Agricultural workers constitute the most neglected class in the Indian rural structure. Their income is low and employment irregular. They are not organized because they are scatted across the country in 5.6 lakh villages.1

Agricultural Labour Enquiry Committee defined agricultural labour as a person who, for more than half of the total number of days, worked as an agricultural labour. An agricultural labour may be the small or marginal farmer or an artisan, but when a person derives his main earning by doing some agricultural work on others farm is called an agricultural labour.2

Classification of Agricultural Labourers can be divided into four categories

  1. Landless Labourers, who are attached to the land lords;
  2. Landless labourers, who are personally independent, but who work exclusively for others;
  3. Petty farmers with tiny bits of land who devote most of their time working for others
  4. Farmers who have economic holdings but who have one or more of their children and dependands as share croppers /lease holders working for other prosperous farmers or absentee landlords.

APVVU is a federation of mandal level agriculture workers unions spread over in 14 districts of Andhra Pradesh. The genesis goes back1980’s where the agriculture is predominantly in the hands of dominant caste landlords directly involved in managing the farms engaging bonded labour / attached labour and casual agriculture workers. Some agricultural workers do engage in sharecropping in the lands of absentee landlords. The common phenomena prevailed in Andhra Pradesh was that no where agriculture workers paid minimum wages and no equal wages between men & women low share for share croppers - 1:3 ratio between sharecroppers and absentee landlords respectively while the Tenancy Act profess the reverse ie. 3:1 ratio between sharecroppers and the land owners. Although, 58% of agricultural operations are contributed by female labour, their contribution to agrarian economy has not been recognized. In addition to the drudgery of domestic work fall in the hands of rural women as their bound duty in the family, they have to work freely in the landlords house before going to the field as agriculture workers. This amounts to almost 15 to 18 hours of work for women agriculture workers. Sexual abuse at work place by landlords is also common for women agriculture workers.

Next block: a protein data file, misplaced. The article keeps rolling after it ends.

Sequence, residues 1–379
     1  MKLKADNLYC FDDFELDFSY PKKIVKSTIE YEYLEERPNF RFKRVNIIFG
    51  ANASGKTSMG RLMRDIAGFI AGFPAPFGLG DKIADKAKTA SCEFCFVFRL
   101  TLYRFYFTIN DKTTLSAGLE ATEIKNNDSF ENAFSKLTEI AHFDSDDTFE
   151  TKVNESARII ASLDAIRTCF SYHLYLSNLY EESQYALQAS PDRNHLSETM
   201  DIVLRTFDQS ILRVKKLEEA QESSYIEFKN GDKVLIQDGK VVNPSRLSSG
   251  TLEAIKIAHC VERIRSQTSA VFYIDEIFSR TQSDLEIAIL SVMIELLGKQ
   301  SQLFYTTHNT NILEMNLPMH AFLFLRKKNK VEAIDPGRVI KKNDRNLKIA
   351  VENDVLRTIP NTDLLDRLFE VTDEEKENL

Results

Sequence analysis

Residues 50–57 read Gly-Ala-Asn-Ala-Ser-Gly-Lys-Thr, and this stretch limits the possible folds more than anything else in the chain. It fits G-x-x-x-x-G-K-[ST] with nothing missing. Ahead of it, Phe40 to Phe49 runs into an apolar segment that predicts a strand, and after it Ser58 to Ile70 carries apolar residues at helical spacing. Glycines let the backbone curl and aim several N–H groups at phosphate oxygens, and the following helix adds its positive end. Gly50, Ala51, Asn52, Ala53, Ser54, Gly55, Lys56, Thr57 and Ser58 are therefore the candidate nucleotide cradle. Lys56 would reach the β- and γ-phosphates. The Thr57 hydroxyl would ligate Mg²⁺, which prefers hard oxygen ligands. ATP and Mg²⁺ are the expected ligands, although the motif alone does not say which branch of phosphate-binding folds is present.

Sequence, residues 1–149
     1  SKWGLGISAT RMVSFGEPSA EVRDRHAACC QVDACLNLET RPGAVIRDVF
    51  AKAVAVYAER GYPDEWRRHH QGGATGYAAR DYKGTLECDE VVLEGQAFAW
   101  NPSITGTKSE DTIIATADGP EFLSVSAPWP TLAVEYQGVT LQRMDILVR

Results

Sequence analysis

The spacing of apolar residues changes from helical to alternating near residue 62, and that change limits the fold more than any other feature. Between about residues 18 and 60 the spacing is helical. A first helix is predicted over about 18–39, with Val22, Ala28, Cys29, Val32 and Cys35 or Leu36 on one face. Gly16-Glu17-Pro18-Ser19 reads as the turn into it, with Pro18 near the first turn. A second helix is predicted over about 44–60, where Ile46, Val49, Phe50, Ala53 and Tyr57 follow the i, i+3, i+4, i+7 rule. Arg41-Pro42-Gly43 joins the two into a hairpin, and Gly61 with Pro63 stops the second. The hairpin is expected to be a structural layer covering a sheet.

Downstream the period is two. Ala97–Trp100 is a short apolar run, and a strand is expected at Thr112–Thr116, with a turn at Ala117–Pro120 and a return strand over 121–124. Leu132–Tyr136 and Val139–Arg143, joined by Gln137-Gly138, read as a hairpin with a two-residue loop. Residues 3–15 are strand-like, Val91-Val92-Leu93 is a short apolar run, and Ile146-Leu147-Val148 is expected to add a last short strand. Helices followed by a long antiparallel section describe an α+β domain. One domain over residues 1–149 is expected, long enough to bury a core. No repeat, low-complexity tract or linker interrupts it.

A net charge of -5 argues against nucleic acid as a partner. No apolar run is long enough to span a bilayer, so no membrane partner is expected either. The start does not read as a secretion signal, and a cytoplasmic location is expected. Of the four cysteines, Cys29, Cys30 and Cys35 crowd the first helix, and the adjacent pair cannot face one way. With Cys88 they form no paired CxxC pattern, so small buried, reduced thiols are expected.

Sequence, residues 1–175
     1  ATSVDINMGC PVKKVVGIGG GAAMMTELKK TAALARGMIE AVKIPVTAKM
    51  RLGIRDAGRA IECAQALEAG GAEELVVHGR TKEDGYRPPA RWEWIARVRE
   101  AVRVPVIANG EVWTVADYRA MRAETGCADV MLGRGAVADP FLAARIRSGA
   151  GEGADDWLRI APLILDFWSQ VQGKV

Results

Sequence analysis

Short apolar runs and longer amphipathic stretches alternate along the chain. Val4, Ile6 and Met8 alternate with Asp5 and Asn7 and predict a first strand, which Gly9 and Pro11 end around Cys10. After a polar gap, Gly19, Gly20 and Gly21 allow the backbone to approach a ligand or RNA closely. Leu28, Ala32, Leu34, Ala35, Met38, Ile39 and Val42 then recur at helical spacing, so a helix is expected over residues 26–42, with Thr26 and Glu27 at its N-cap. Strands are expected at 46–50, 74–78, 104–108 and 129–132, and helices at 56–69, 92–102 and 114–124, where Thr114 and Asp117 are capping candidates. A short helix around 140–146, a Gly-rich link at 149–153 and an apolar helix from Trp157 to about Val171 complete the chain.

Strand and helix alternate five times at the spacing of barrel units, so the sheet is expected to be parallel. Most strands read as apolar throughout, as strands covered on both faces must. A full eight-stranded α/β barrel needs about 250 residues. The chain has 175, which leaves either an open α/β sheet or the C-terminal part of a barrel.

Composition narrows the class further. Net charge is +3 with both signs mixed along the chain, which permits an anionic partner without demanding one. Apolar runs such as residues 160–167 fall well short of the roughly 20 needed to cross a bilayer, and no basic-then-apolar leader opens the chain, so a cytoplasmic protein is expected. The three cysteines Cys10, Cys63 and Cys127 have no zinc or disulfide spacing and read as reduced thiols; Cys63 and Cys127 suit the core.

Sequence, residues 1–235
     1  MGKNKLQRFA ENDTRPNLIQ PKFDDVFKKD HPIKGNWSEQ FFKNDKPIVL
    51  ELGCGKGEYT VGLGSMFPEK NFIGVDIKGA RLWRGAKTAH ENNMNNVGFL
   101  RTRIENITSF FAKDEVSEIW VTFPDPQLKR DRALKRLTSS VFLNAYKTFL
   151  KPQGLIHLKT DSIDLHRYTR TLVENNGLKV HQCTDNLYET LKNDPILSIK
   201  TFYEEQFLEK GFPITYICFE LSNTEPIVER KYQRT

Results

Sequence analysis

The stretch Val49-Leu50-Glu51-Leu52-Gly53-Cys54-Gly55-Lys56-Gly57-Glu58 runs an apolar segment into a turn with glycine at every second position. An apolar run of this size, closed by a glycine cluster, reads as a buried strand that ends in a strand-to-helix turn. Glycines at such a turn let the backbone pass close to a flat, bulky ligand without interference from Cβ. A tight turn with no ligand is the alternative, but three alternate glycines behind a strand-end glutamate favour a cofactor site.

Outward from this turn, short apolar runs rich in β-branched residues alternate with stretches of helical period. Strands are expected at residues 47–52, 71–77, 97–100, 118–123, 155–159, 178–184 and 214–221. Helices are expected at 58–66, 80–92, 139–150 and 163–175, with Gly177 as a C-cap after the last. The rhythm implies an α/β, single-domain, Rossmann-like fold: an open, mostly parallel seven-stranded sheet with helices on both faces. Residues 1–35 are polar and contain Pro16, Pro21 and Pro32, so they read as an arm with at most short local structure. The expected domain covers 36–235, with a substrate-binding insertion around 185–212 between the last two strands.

APVVU strength is that the recognisation of Identities of poor informal workers in accordance with the principle of Unity in Diversity. It bring more and more Rural informal workers together as part of Federation but they will continue to keep their identities with in the union to share and influence each others concerns and thereby draw support. The agricultural workers are considered as Dalits, as Adivasis , as Fisher people , as shepherds and new class of workers as NREGA workers. Women and Children as the cross cutting issues.

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